A GUIDE TO UNDERSTANDING QUANTUM GRAVITY
“ Ptolemy made a universe which has lasted 1400 years. Newton made a universe which has lasted 300 years. Einstein also made a universe, but I can’t tell you how long it will last.”
— George Bernard Shaw, from the speech in Albert Einstein’s honor at the Savoy Hotel in London, 28 October 1930
I have made a theoretical as well as an empirical scientific discovery of quantum gravity and quantum antigravity, as well as two inventions:
- Propellantless quantum electrodynamic spacedrive
- MEAD hybrid Spacecraft
Present day quantum gravity theories suffer from too many mathematical space dimensions, and from too few conclusive experimental results.
My hypothesis is simple, clear, and subject to easy empirical verification.
I offer clear explanation of the principles of quantum gravity and quantum antigravity, and also precisely describe how to perform simple and inexpensive experiments to verify it.
“ Scientific discovery consists of seeing what everybody has seen, and thinking what nobody else has thought. Scientific discovery must be, by definition, at variance with existing knowledge. During my lifetime, I made two. Both were rejected offhand by the Popes of that field of science.”
— Albert Szent-Gyorgyi, Nobel Prize Laureate 1937
In order to clearly understand quantum gravity and quantum antigravity, please follow these 9 steps:
Start from this brief overview — Quantum Gravity in a Nutshell ;
The theoretical basis for quantum gravity and quantum antigravity is the Abraham’s equation of the Abraham-Minkowski controversy, and its empirical counterpart — the Abraham force, and the Abraham-Magnus force ;
The Abraham force constitutes the physical basis for explaining the Biefeld-Brown effect ;
To understand how the Biefeld-Brown effect works, you need to be clear where B-B vectors point — “up” or “down” ;
Study the section about gyroscope’s anomalous effect ;
Study the material in the Boyd Bushman effect section in order to appreciate the potential of complex magnetic fields for shaping quantum gravity interactions ;
Now, you are ready to read short introduction to quantum gravity, short introduction to elementary gravity, and short introduction to intergalactic gravity ;
Perform simple experiments for empirical verification ;
Perform the complete and final antigravity experiment that constitutes a blueprint for propellantless quantum electrodynamic spacedrive, and MEAD hybrid Spacecraft.
DESCRIPTIVE, EXPLANATORY AND PREDICTIVE POWERS OF MY HYPOTHESIS
Explanatory power is the ability of a hypothesis or theory to effectively explain the subject matter it pertains to. The concept of predictive power differs from explanatory and descriptive powers, where phenomena that are already known are retrospectively explained or described by a given theory, in that it allows a prospective test of theoretical understanding. The following are 11 “mysteries” that my hypothesis sheds new light upon:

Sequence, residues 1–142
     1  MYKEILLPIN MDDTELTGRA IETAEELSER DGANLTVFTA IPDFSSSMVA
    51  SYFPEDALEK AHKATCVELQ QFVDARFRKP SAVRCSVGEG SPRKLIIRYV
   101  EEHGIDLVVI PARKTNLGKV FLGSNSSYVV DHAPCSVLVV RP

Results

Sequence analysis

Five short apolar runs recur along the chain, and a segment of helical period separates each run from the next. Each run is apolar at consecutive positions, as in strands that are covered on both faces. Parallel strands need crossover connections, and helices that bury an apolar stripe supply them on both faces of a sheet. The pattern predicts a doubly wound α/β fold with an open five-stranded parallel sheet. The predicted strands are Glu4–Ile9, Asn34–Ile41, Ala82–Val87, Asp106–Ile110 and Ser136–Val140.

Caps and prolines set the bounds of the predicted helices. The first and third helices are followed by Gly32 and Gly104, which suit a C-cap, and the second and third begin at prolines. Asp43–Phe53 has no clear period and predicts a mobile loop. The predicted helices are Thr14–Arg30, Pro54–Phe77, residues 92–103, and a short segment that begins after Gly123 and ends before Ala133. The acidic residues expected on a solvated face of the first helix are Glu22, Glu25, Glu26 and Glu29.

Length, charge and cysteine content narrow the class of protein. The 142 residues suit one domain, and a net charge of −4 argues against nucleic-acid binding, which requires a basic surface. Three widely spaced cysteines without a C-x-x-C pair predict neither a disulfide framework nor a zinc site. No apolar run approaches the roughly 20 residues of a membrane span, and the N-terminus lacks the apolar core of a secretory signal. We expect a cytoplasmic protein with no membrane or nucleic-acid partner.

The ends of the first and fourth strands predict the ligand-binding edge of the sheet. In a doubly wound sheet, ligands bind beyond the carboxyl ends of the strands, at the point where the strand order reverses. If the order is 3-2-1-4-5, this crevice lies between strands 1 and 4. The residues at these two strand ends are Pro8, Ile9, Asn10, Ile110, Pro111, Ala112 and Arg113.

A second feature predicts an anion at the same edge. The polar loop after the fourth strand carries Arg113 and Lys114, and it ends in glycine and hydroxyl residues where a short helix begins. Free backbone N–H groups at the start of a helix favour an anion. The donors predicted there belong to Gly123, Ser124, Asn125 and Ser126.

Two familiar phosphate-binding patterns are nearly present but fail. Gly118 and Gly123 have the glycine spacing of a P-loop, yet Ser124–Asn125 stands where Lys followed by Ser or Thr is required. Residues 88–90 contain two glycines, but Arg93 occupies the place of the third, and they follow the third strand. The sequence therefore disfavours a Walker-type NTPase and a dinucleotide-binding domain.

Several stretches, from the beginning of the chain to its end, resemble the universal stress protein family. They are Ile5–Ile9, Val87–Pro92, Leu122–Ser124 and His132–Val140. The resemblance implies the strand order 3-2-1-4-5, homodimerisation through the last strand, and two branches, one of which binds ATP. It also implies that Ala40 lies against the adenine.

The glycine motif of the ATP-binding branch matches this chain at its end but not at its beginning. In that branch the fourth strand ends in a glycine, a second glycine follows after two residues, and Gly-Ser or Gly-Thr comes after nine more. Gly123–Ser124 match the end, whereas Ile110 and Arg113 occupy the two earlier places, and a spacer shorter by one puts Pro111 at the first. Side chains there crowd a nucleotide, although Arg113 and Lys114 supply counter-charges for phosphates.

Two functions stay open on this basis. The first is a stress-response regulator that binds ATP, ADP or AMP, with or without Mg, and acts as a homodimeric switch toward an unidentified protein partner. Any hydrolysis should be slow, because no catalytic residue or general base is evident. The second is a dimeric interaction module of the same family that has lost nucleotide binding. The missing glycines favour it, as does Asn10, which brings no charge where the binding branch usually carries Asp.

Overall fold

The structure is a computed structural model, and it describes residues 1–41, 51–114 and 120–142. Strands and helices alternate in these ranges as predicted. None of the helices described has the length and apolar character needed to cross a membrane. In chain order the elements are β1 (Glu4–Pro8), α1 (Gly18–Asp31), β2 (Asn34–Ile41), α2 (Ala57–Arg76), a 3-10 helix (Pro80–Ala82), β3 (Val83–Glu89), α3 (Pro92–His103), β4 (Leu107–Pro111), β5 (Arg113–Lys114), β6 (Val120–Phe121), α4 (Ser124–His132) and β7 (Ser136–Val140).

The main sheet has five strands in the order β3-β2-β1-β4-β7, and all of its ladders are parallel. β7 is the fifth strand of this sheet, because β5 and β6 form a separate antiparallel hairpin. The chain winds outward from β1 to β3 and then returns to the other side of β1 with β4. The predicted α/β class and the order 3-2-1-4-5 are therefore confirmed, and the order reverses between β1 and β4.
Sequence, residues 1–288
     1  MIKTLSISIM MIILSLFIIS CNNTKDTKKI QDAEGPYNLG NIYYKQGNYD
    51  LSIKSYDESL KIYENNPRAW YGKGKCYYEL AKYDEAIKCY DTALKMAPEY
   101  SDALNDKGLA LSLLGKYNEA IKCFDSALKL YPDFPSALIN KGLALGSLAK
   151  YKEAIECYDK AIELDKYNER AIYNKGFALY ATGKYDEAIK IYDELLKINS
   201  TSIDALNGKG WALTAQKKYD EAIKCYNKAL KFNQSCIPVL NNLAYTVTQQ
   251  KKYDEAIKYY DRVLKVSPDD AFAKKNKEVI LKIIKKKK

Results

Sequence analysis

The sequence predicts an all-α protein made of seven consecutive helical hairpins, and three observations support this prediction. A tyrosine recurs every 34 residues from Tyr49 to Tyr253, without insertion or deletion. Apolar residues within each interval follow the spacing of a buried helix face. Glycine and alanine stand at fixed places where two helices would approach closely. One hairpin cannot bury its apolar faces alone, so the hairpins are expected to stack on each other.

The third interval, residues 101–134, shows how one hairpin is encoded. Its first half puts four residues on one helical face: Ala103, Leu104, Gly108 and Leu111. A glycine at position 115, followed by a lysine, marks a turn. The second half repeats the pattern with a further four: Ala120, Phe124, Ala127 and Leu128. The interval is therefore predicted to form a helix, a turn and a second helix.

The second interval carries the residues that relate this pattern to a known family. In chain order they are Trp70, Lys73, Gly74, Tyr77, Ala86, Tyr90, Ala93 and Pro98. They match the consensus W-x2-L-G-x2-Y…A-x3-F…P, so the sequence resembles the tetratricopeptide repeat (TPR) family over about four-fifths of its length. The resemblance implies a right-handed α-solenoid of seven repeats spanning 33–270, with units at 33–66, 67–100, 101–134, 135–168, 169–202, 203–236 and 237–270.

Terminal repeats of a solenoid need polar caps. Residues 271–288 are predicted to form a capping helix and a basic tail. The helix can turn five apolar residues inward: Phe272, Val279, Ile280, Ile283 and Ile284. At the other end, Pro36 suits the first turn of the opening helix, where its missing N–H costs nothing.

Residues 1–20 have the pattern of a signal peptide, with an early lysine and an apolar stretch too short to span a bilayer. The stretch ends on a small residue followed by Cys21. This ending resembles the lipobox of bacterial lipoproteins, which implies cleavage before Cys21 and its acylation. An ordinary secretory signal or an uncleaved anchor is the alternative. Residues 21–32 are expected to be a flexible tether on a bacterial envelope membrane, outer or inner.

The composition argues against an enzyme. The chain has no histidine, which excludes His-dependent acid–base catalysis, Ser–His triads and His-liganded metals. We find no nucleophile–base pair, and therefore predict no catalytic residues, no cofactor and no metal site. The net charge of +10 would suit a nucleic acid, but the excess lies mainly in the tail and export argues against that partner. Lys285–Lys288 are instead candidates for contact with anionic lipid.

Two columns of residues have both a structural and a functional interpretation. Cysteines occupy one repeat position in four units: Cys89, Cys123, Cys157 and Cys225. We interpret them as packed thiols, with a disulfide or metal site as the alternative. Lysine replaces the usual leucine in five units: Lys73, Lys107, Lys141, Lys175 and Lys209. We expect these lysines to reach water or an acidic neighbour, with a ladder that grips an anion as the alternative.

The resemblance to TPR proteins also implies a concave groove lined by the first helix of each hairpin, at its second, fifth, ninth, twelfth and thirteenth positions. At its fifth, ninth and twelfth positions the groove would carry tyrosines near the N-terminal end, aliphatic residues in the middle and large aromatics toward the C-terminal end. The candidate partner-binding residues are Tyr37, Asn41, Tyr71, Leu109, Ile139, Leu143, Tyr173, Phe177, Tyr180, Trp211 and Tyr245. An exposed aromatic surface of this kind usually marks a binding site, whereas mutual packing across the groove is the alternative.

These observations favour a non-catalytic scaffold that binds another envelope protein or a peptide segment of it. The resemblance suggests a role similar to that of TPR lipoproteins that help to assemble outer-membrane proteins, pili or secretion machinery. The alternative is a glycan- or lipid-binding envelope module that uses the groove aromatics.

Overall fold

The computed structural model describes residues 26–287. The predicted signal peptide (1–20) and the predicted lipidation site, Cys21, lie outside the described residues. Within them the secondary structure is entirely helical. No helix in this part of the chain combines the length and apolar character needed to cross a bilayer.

- The main prediction of my hypothesis is that anti-hydrogen will anti-gravitate at CERN ;
- EmDrive mystery ;
- Podkletnov mystery ;
- Gravitational waves mystery ;
- Solar mystery ;
- Bicycle mystery ;
- Propeller mystery ;
- Cloud mystery ;
- Pioneer mystery ;
- Missing mystery;
- Dark mystery.
One Hundred Years Of Failure
By Seth Lloyd, Professor of Quantum Mechanical Engineering
2015 marks the hundredth anniversary of Einstein’s announcement of the theory of general relativity. General relativity describes the force of gravity in terms of the curvature of space and time: the presence of matter warps the underlying fabric of the universe, causing light to curve and clocks to slow down in the presence of matter. General relativity supplies us with a physical theory that allows us to describe the cosmos as a whole; it predicts the existence of exotic objects such as black holes; it even supports closed timelike curves that in principle allow travel backward in time. General relativity is a tremendous scientific success story, and its hundredth anniversary has been marked by multiple articles, television shows, scientific conferences, and more to celebrate Einstein’s achievement.
Unmentioned in this celebration is the darker story. As soon as Einstein announced his elegant theory, other physicists began trying to reconcile general relativity with quantum mechanics. Quantum mechanics is the physical theory that governs matter at its smallest and most fundamental scales. The last century has also seen tremendous advances in the application of quantum mechanics to study elementary particles, solid state physics, the physics of light, and the fundamental physics of information processing. Pretty much as soon as the print on Einstein’s papers had dried, physicists began trying to make a quantum theory of gravity. They failed.